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Does a child need to be saved?

In some ways this question is quite theoretical as the vast majority of children grow up to be adults. On the other hand, our answer to this question will significantly change how we minister to children.

If a child does not need to be saved then, our focus will on moral discipline, honouring parents, the history of the church and the character of God. If a child needs to be saved we will focus on the power of the Gospel to save us as the number on theme above all else. We will preach with the fervent hope and expectation that children will choose to respond to Christ for themselves.

Let’s look at this question from a couple of different angles.

Some will think about the original sin that appeared thanks to Adam & Eve – that since that time the propensity to sin has been found in every human being. This is why we never have to teach a child to sin, but their own desire for self preservation and self assertion leads them to sin. This promotion of self over the creator is a demonstration of the depravity of our sinful self.

Others will look at the innocent state of children – they surely would not be judged by a God of love who states that the kingdom of heaven belongs to such as these. Children are so cute. No one, not even the most hard hearted person, would judge a baby as guilty of anything except being totally adorable most of the time and a bit tetchy at other times.

The heart of the Gospel is to reunite us with God. The reason we need to reunite is simple – we have rejected the Lord by our sin. If there were any other way that sin could be permanently removed from us, we know that God would have done it. As Jesus prayed in the garden of Gethsemane that if there was any other way ‘this cup would be taken from’ him.

If we say a child is born in sin, then salvation is needed. If we say a child is born without sin and needs to reject God to leave the kingdom, then the very act of sinning is a rejection of their creator. Sin is defined in Romans as disobeying the law (for those who know the law) and as breaking your own conscience (for those who don’t).

And here is the crux of the matter: Where there is sin there is need for a saviour.

Being cute does not get you into heaven. Being made in God’s image does not get you into heaven. Being righteous does. Righteousness is only available through Jesus.

It is easy to want to shy away from talking about sin with children.

  • It is a strong message to bring to young children.

  • It defies the modern lie that deep down most people are fundamentally good (while there is good in all, the Bible is clear that ALL have sinned and fall short of God’s glory).

  • We would rather focus on the positive parts of the Gospel, such as the love of God.

  • We want to avoid imitating the caricature of hell fire and brimstone preachers.

  • We want to steer clear of the hypocritical Pharisees who pointed out the sins of others whilst failing to recognise their own sin.

Yet in avoiding the subject of sin we are depriving children of developing a true understanding of the Gospel. The more we understand the depth of our sin, the more we understand the love and grace of God. How much more glorious is our understanding of God’s grace when we realise that our own sin, that we chose to do, causes us to be rejected by God forever, but God in his mercy stepped into our lives to rescue us. Without this understanding the message of the cross is at best meaningless and at worst a demonstration of a barbaric, tyrannical diving being who was even willing for his own son to die.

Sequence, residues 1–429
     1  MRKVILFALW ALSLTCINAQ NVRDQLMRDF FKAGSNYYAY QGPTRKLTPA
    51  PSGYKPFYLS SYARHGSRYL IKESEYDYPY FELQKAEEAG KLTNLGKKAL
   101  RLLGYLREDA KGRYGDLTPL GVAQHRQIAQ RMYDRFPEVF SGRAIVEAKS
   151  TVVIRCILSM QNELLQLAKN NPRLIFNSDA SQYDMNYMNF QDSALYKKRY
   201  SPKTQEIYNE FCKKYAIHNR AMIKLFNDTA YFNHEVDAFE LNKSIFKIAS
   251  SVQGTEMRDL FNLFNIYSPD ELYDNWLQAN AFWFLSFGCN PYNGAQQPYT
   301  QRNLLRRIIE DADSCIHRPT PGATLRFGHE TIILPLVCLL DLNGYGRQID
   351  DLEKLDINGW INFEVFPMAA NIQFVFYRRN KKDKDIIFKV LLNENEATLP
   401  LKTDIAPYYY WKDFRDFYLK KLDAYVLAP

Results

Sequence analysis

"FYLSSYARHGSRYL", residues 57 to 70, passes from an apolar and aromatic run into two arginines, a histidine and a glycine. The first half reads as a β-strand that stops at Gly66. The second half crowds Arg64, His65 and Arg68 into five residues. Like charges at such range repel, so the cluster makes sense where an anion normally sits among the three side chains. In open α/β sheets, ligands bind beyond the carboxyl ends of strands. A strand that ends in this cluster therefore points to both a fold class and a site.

We preach on sin, because acknowledging our sin is the gateway to accepting Christ’s salvation.

In times past, Christians understood the importance of giving space for the Holy Spirit to convict people of their sins, without rushing in with quick fix prayers. By allowing them to face and wrestle with their own sins, people were able to find the comfort and joy that comes from the forgiveness of God.

Many meetings would have a bench at the front where sinners would come and sit until they repented. This bench was uncomfortable accentuating the discomfort of conviction, upfront as if they were before the judgement seat of Christ and available to any who wanted to sit there at any point during the meetings. IN some revivals people sat there for hours as they wrestled with their sins before God Almighty. This mourner’s bench (or sinner’s bench as some called it) elevated the importance of conviction leading to confession leading to salvation. What a glorious moment it was when the grace of God was poured into a life on that bench, liberating the penitent sinner.

Who would want to deny our children the privilege of owning up to our sin and giving it to God. Children need to hear of God’s love, but they also need an opportunity to respond to this love in the light of their own sin. While it is the work of the Holy Spirit to convict hearts (not the work of a judgemental preacher) it is the work of the preacher to preach the power of the Gospel to overcome sin.

Where there is sin there is need for a saviour. When our children understand that their sin has been destroyed at the cross, the price for their sin has been paid, then they can walk int eh freedom of one who has been redeemed.

Let’s not shy away from preaching the Good News of repentance to children, because in doing so they will be free to embrace salvation from sin. This is surely the primary calling of anyone who ministers to the next generation.

In the ministries we have led we make it a principle to ensure that the Good News of the cross is taught at least once a month, no matter what the main teaching theme for the month is. In the next articles in this series, we will look at the tradition of an altar call and 5 ways we can share the Gospel with our children.


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